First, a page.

You can think of any Ethereum-based network, quite literally, as a collection of independently running pieces of software spread across the world. They are 'sending messages' to each other in a certain agreed-upon format. The 'agreed-upon' format is called the protocol which is a set of rules for forming the messages.
In order for any particular Ethereum-based network to identify other members of the same network, all the members of that network need to be configured in the same way.
If you run Geth and configure it (either through config files or command line options) for the Ethereum mainnet, then it will send and receive messages on the mainnet.
If you configure Geth to join one of the testnets, then it will join that testnet.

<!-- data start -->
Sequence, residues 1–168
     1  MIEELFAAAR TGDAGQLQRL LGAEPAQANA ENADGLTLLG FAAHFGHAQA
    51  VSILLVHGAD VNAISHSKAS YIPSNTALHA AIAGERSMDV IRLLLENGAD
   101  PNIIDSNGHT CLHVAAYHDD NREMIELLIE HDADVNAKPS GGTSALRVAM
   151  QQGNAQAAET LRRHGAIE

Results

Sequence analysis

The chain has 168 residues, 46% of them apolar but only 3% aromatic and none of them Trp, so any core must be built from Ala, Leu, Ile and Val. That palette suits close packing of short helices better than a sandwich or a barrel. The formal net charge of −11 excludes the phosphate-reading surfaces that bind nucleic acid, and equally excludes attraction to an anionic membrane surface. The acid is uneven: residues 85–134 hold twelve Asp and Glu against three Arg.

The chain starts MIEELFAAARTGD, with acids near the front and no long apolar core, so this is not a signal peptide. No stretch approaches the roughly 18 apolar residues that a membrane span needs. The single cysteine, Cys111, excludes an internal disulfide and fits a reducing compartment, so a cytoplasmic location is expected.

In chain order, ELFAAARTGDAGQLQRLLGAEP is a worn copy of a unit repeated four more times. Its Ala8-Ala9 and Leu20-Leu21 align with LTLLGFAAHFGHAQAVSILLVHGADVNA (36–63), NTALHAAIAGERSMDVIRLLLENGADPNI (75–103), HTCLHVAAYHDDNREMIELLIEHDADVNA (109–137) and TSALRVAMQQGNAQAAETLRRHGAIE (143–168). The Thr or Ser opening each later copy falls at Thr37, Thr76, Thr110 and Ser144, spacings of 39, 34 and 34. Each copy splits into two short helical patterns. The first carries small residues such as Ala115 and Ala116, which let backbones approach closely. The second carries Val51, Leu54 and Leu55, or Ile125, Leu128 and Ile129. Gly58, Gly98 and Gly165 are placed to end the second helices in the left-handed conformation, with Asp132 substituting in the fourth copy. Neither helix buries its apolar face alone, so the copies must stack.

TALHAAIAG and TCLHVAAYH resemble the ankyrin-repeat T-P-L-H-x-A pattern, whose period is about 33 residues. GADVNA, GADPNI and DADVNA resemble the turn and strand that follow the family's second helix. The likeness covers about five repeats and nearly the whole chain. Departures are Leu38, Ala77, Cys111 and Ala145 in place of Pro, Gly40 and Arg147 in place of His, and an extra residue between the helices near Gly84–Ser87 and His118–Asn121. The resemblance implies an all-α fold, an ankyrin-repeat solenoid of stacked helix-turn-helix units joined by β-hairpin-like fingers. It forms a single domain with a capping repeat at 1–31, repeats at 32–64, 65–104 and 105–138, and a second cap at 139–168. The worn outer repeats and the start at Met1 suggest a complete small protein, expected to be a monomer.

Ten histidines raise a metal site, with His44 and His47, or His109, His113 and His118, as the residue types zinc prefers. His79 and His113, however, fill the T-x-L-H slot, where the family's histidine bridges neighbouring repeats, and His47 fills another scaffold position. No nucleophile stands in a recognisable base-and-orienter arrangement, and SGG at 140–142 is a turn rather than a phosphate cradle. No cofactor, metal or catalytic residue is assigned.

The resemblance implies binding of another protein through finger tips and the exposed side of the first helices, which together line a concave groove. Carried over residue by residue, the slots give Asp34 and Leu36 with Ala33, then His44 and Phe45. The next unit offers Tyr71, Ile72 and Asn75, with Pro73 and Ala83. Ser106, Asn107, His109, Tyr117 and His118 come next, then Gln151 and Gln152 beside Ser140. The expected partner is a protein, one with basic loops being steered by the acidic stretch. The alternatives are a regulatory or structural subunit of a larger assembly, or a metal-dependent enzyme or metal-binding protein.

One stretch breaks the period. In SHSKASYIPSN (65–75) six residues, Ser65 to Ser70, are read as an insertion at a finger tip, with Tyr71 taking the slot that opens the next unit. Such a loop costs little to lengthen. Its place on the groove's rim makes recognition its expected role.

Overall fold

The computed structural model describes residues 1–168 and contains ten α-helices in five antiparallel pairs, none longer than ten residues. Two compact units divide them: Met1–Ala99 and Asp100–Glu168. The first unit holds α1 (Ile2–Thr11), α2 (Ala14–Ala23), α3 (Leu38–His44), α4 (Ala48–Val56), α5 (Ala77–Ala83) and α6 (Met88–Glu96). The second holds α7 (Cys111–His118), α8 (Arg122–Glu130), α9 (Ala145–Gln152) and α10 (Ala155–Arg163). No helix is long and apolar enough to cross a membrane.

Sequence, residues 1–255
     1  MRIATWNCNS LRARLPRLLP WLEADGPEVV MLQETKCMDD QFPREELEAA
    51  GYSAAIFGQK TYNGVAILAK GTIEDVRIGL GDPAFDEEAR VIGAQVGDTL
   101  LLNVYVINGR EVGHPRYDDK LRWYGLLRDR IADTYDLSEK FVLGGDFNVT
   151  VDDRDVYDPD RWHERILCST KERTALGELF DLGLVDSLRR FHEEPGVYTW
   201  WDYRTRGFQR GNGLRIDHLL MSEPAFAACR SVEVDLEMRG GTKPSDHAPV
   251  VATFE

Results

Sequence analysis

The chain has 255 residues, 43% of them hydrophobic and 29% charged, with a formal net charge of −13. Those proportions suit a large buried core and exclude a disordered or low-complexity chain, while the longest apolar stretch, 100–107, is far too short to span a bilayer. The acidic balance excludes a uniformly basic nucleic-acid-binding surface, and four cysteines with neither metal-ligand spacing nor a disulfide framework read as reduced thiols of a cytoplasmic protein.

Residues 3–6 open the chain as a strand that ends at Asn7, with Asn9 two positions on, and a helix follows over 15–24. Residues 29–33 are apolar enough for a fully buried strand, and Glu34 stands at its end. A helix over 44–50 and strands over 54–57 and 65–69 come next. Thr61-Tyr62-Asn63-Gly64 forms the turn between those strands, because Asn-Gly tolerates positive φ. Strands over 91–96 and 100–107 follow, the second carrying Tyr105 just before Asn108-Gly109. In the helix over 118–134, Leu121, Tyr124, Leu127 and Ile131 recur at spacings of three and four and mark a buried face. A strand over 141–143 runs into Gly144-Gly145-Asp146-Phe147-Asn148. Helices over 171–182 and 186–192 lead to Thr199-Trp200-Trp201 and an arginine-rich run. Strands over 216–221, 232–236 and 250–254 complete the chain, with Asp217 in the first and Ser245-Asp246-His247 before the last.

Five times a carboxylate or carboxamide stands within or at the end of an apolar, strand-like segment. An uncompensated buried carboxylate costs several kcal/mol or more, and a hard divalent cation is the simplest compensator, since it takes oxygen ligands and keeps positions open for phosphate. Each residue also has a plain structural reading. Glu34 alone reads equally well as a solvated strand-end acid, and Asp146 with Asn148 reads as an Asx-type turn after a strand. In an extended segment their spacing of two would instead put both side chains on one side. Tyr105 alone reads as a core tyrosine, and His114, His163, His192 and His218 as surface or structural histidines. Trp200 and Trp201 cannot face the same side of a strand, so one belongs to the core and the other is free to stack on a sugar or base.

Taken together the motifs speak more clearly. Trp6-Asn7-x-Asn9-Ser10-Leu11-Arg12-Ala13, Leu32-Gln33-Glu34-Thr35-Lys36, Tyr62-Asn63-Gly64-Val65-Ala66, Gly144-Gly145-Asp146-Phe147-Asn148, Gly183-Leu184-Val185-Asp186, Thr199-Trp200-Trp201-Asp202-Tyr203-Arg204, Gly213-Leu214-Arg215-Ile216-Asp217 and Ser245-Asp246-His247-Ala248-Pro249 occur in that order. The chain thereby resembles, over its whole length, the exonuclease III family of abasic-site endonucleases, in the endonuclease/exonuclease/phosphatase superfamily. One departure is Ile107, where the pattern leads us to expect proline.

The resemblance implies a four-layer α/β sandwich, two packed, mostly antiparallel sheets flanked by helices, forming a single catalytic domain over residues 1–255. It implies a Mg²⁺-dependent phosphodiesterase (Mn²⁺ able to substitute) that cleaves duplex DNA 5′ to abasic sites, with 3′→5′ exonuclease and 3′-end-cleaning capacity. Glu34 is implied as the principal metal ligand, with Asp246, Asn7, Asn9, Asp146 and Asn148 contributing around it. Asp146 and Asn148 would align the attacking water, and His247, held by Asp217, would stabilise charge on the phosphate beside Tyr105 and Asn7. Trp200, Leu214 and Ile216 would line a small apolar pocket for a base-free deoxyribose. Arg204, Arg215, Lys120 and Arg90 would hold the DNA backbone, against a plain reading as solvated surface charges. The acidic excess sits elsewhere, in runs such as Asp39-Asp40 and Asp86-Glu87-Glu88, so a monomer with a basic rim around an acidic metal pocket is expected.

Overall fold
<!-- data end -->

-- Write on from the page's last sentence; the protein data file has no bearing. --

There's no 'cross-talk' between network because Geth is either configured properly to communicate on a network or it's not. If Geth is not configured properly for mainnet, then it will join a different network (but only if there's anyone out there listening...)
In your case, you want to get all the "people you have chosen" to configure their Geth instances to communicate on your network.
I'll leave it as an exercise for you to dig into the details of configuring Geth. That's definitely documented online. Look for "Setting up a private Ethereum network."